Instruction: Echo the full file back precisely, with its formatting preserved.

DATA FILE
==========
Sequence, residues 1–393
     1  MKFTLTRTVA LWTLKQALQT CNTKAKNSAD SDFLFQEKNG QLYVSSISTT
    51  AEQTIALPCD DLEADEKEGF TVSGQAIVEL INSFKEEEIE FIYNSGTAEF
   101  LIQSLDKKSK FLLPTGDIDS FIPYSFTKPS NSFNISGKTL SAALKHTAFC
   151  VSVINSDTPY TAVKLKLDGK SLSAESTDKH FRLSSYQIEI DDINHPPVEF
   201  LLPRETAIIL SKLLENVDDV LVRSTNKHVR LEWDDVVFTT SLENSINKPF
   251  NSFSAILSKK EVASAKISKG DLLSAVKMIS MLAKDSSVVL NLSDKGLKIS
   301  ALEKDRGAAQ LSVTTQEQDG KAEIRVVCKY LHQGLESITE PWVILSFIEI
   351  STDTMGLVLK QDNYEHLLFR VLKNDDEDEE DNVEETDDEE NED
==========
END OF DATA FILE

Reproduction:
Sequence, residues 1–393
     1  MKFTLTRTVA LWTLKQALQT CNTKAKNSAD SDFLFQEKNG QLYVSSISTT
    51  AEQTIALPCD DLEADEKEGF TVSGQAIVEL INSFKEEEIE FIYNSGTAEF
   101  LIQSLDKKSK FLLPTGDIDS FIPYSFTKPS NSFNISGKTL SAALKHTAFC
   151  VSVINSDTPY TAVKLKLDGK SLSAESTDKH FRLSSYQIEI DDINHPPVEF
   201  LLPRETAIIL SKLLENVDDV LVRSTNKHVR LEWDDVVFTT SLENSINKPF
   251  NSFSAILSKK EVASAKISKG DLLSAVKMIS MLAKDSSVVL NLSDKGLKIS
   301  ALEKDRGAAQ LSVTTQEQDG KAEIRVVCKY LHQGLESITE PWVILSFIEI
   351  STDTMGLVLK QDNYEHLLFR VLKNDDEDEE DNVEETDDEE NED